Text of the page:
James drew immense criticism from sports analysts, executives, fans, and current and former players for leaving the Cavaliers. The Decision itself was also scrutinized and viewed as unnecessary. Many thought the prolonged wait for James' choice was unprofessional as not even the teams courting him were aware of his decision until moments before the show. Upon learning that James would not be returning to Cleveland, Cavaliers owner Dan Gilbert published an open letter to fans in which he aggressively denounced James' actions. Some angry fans of the team recorded videos of themselves burning his jersey. Former NBA players including Michael Jordan and Magic Johnson were also critical of James, condemning him for joining with Bosh and Wade in Miami and not trying to win a championship as "the guy". James drew further criticism in a September interview with CNN when he claimed that race might have been a factor in the fallout from The Decision. As a result of his actions during the 2010 free agency period, James quickly gained a reputation as one of America's most disliked athletes, a radical change from years prior. The phrase "taking my talents to South Beach" became a punch line for critics.
Immediately following The Decision, James claimed that there was nothing he would change about the handling of his free agency despite all the criticism. Since then, he has expressed remorse over his actions. During the 2010–11 season, he said he "probably would do it a little bit different ... But I’m happy with my decision." James relented about the special before the 2011–12 season: "... if the shoe was on the other foot and I was a fan, and I was very passionate about one player, and he decided to leave, I would be upset too about the way he handled it."
Miami Heat (2010–present)
Debut season (2010–11)
James officially became a member of the Heat on July 10, completing a sign-and-trade six-year contract with the team. With the move, he became only the third reigning MVP to change teams and the first since Moses Malone in 1982. Although his contract would have allowed him to earn the maximum salary under the collective bargaining agreement, he took less money in order for Miami to be able to afford Bosh and Wade as well as further roster support. That evening, the Heat threw a welcome party for their new "big three" at the American Airlines Arena, an event that took on a rock concert atmosphere. During the gathering, James predicted a dynasty for the Heat and alluded to multiple championships. Outside of Miami the spectacle was not well-received, furthering the negative public perception of James.
Throughout the 2010–11 season, James embraced the villain role bestowed upon him by the media; he later admitted he regretted this approach, commenting, "I started to play the game of basketball at a level, or at a mind state that I've never played at before ... meaning, angry. And that's mentally. That's not the way I play the game of basketball." On December 2, he returned to Cleveland for the first time since departing as a free agent, scoring 38 points and leading Miami to a win while being booed every time he touched the ball. He finished his debut season on the Heat with averages of 26.7 points, 7.5 rebounds, 7 assists, and 1.6 steals per game on 51 percent shooting. Entering the playoffs as the East's second seed, Miami advanced to the Finals before stumbling against the Dallas Mavericks, losing in six games despite holding a 2–1 series lead going into Game 4. James received the brunt of the criticism for the loss, averaging only 3 points in fourth quarters in the series. His Finals scoring average of 17.8 points per game signified an 8.9-point drop from the regular season, the lowest such drop-off in league history.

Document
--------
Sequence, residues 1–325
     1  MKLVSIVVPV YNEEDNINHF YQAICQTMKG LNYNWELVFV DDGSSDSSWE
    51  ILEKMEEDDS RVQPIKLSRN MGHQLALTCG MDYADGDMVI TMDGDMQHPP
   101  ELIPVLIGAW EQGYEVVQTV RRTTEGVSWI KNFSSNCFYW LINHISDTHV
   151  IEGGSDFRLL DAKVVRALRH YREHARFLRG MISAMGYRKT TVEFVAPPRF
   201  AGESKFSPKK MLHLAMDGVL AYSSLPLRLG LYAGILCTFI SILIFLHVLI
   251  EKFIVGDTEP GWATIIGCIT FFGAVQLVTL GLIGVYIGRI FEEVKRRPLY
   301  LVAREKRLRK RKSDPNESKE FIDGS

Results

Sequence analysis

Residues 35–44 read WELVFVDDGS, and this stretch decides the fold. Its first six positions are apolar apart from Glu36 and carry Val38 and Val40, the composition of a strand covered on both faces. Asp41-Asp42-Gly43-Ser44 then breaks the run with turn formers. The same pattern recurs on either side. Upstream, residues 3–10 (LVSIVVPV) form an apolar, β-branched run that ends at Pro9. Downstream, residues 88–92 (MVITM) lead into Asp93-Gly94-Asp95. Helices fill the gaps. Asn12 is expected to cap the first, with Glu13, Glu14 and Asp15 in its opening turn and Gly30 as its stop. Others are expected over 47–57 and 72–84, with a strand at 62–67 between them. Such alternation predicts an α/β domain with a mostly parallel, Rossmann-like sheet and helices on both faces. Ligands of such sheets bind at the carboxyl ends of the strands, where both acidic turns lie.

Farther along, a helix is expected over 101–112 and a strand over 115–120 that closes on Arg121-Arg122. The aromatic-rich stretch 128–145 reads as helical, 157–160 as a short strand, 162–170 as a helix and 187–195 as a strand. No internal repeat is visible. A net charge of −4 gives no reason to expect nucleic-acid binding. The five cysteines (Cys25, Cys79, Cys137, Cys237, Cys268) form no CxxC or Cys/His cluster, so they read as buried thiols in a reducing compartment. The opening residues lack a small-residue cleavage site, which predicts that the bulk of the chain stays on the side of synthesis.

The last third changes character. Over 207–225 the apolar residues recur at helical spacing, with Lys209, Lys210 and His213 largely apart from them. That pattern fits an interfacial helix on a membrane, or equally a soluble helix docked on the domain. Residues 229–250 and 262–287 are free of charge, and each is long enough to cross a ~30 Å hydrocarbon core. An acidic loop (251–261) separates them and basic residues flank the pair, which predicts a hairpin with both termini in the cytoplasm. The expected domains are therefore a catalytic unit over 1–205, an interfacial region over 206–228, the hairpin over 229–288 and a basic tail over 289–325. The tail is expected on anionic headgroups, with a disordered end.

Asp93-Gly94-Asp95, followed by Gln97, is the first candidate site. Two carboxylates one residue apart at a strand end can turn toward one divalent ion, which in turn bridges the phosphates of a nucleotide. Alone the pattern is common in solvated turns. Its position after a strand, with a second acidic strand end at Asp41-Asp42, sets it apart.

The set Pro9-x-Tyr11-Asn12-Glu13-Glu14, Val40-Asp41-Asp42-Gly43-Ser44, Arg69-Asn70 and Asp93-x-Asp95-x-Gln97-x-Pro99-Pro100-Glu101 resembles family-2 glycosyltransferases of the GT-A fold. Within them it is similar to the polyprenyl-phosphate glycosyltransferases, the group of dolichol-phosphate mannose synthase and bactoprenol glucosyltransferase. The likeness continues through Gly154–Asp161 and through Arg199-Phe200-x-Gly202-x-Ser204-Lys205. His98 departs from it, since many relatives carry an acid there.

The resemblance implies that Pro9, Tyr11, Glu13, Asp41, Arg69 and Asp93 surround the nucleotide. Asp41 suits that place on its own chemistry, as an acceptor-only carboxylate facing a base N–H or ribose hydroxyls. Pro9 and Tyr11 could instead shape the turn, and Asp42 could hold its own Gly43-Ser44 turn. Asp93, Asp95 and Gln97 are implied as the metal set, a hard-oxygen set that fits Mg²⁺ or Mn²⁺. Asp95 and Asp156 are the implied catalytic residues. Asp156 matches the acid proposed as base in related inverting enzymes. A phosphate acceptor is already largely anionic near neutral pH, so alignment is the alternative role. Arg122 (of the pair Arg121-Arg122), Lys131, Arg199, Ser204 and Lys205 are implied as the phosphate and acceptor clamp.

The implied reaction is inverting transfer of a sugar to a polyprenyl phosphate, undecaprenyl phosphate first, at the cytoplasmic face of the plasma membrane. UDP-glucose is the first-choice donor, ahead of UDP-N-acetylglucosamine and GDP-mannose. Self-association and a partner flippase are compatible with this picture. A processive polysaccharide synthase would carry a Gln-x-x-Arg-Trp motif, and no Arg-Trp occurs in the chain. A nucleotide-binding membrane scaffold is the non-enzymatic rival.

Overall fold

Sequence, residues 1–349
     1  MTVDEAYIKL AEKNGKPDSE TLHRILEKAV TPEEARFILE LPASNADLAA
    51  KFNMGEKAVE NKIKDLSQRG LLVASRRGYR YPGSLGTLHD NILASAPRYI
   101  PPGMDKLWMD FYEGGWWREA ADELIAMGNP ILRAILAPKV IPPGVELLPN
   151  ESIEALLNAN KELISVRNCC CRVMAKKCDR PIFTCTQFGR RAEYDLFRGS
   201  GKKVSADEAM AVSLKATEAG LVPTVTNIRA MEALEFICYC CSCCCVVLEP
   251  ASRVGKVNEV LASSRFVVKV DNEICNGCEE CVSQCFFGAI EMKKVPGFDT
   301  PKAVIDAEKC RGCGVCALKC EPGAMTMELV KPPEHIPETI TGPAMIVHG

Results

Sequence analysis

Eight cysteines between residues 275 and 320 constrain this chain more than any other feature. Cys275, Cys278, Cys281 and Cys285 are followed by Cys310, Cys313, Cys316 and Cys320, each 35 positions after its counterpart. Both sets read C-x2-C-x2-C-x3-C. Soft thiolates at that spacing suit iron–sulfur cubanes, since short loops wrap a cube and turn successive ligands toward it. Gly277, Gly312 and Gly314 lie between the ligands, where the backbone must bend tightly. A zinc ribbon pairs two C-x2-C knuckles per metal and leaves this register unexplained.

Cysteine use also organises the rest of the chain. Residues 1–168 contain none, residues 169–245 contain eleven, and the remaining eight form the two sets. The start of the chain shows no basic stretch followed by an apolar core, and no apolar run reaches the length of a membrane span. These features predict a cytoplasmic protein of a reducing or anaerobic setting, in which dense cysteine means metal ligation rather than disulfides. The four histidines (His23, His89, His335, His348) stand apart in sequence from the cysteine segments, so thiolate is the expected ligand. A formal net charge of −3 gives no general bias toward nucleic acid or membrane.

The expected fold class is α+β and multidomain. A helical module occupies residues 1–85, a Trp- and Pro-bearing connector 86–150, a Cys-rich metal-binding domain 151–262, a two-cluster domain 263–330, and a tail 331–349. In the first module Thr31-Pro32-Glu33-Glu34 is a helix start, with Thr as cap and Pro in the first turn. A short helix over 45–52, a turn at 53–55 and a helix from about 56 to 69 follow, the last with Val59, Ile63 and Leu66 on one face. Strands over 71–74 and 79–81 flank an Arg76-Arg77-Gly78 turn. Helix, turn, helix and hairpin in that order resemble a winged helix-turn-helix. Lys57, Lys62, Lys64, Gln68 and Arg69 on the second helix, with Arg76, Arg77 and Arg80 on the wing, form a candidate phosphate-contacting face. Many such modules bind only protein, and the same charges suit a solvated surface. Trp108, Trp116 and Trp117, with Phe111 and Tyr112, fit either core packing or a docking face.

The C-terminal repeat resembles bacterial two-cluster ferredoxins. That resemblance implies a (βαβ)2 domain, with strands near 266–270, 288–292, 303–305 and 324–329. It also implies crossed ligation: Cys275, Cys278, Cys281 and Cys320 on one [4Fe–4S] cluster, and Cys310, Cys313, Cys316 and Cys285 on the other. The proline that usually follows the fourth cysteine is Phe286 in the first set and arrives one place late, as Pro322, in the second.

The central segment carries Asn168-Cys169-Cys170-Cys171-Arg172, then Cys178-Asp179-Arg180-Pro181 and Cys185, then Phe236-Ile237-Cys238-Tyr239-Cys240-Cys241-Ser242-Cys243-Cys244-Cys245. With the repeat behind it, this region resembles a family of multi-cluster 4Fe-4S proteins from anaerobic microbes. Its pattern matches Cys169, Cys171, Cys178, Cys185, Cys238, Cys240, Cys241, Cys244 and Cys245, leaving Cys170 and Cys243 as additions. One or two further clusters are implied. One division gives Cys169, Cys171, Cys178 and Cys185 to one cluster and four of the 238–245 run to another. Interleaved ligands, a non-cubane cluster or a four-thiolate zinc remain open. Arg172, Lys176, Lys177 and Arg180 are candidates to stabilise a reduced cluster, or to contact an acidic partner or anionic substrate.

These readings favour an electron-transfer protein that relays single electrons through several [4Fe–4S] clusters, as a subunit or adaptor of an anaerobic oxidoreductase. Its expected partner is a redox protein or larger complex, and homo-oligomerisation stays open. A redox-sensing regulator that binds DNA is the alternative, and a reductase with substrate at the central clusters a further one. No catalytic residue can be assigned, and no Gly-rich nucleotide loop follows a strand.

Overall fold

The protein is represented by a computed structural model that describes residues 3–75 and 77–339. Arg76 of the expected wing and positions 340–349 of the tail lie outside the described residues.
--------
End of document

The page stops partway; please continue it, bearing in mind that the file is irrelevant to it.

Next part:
Back-to-back championships and second MVP tenure (2011–present)
Humbled by the Heat's loss to the Mavericks, James spent the offseason attempting to improve himself as a basketball player and a person, and worked with Hakeem Olajuwon on his post game. His work with Olajuwon paid off, fueling what Grantland's Kirk Goldsberry called "one of the greatest and most important transformations in recent sports history". Behind James' more post-oriented play, Miami matched their best start to a season in franchise history, and at the conclusion of the lockout-shortened 2011–12 campaign, James was named MVP for the third time, finishing with averages of 27.1 points, 7.9 rebounds, 6.2 assists, and 1.9 steals per game on 53 percent shooting.
In the second round of the 2012 Playoffs, the Heat fell behind 2–1 to the Indiana Pacers. The series turned after Game 4 when James registered 40 points, 18 rebounds, and 9 assists in a winning effort on the road. Miami eventually defeated the Pacers in six games. Facing elimination in the Conference Finals against the Celtics, James led the Heat to victory by scoring 45 points on a 73 percent shooting rate. Miami won Game 7 to advance to the Finals versus the Oklahoma City Thunder. Game 4 against the Thunder proved to be a memorable one for James; with five minutes left in the fourth quarter he started experiencing leg cramps and was carried off the floor, but he returned soon after and hit a three-pointer with 2:51 left to give the Heat a three point lead they did not relinquish. In Game 5, he registered a triple-double as Miami defeated Oklahoma City for their second ever championship and James' first championship. James was unanimously voted the Finals MVP with averages of 28.6 points, 10.2 rebounds, and 7.4 assists per game. His final playoff averages were 30.3 points, 9.7 rebounds, and 5.6 assists per game.